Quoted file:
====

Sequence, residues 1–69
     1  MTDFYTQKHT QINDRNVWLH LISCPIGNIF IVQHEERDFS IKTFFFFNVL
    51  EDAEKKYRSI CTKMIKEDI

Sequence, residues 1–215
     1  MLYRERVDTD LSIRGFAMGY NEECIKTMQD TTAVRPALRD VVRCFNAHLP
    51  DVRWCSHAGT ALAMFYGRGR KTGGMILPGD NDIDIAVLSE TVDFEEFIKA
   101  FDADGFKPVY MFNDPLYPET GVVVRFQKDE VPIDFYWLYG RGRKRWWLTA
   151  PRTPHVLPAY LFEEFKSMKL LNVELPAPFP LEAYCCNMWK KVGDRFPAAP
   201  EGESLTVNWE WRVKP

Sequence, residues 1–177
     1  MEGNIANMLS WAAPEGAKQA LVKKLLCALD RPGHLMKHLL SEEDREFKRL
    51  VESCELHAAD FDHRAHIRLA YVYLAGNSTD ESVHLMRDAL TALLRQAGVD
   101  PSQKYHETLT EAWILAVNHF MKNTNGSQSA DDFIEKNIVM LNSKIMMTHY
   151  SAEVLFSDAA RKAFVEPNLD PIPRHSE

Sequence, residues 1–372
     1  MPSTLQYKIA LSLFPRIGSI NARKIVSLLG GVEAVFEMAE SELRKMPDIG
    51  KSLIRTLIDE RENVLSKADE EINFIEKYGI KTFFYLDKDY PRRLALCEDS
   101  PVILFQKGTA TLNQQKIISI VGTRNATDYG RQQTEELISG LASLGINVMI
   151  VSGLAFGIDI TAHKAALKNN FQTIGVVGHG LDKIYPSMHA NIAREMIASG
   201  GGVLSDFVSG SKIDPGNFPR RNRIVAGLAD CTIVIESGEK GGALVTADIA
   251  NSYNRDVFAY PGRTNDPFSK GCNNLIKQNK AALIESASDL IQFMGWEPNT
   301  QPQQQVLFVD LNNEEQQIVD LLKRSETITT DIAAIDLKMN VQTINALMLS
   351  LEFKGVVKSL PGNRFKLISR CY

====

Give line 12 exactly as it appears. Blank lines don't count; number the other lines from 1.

    51  VESCELHAAD FDHRAHIRLA YVYLAGNSTD ESVHLMRDAL TALLRQAGVD